In Ontario, where I live, there are several municipalities who have commissioned Archaeological Master Plans of their municipality. The idea is to readily identify areas of high archaeological potential, so that when a parcel of land is under consideration for development, a municipality can ensure that an archaeological assessment takes place. It's a planning tool that has grown in frequency over the last three decades, particularly as pieces of legislation such as The Planning Act, and the Ontario Environmental Assessment Act(OEAA) increasingly regulate how developments must be regulated.
In both Acts, human heritage is something that is recognized as being valuable and worthy of consideration when a new development is being assessed. And its the Ontario Heritage Act that identifies what is considered heritage in Ontario - archaeology, built heritage and landscapes- and therefore worthy of protection.
Of course project and developments don't often happen on a solely provincial level. In fact most developments must go through the municipal planning offices for approval. It is the municipality that can insist on an archaeological assessment prior to project approval, as well as agree to waive that requirement. A municipal archaeological master plan, helps them to make that decision.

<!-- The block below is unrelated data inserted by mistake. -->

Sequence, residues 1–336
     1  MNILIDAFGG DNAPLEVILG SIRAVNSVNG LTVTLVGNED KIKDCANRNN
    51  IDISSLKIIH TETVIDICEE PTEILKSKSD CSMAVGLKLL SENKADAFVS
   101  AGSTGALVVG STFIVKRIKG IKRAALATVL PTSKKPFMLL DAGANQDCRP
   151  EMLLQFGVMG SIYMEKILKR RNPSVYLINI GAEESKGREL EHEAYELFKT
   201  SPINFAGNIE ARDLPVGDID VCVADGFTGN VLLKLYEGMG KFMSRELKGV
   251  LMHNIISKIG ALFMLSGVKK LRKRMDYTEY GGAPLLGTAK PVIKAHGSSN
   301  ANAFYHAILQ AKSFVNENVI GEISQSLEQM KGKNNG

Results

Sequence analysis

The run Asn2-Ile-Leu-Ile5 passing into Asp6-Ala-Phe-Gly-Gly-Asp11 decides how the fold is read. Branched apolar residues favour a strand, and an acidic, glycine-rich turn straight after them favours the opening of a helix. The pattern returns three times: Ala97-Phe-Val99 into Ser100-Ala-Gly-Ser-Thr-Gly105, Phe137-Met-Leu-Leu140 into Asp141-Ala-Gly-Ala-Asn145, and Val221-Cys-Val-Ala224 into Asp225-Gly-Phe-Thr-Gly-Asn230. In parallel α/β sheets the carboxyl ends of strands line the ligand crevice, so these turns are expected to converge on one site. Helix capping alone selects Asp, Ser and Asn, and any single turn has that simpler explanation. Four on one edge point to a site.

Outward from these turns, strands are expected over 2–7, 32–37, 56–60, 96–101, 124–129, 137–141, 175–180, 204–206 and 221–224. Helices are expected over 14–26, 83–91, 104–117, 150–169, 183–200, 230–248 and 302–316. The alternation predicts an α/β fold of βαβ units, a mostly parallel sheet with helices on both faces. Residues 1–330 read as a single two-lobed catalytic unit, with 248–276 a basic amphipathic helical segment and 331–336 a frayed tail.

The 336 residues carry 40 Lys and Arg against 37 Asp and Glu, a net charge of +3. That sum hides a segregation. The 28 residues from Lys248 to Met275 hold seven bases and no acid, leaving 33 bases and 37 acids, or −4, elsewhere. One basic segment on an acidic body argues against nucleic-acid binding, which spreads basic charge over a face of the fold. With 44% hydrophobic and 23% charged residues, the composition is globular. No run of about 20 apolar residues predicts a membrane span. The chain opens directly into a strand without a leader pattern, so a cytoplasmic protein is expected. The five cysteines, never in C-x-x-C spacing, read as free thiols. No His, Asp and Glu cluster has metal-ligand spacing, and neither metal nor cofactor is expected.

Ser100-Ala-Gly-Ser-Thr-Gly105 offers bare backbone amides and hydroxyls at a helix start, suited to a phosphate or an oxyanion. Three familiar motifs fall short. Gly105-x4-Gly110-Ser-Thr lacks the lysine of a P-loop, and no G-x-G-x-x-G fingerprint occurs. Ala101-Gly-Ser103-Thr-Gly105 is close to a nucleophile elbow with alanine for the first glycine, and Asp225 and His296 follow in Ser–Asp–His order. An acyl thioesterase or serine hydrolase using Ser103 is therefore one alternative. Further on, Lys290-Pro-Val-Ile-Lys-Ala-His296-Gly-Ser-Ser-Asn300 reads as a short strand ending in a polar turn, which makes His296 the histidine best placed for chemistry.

The odd thing is (in my view), is that no one appears to have looked how these archaeological master plans have worked or how they are used. Even though Ontario is the world "leader" in commissioning them for future planning.
And I'd like to know. I'd like to have a look at one and see what information it provides and how often it is used and what it is used for.
To do this, I've taken courses in land use law, policy analysis, resource management, impact assessment, heritage planning - on top of my undergraduate degree in archaeology. I've read policy, legislative drafts, and technical reports. Not to mention lots of journal articles on how other countries do it, how in Ontario we can address the issue of First Nation ownership (even as we ignore the truth that the province does not claim ownership and doesn't take responsibility for artifacts), and angst about the lot of the private consultants who do most of the archaeological work in the province, yet claim to be powerless.
The one perspective I don't have is how a municipal planning office approaches the thorny question of archaeological resource management in their land use policy. And I'd like to know.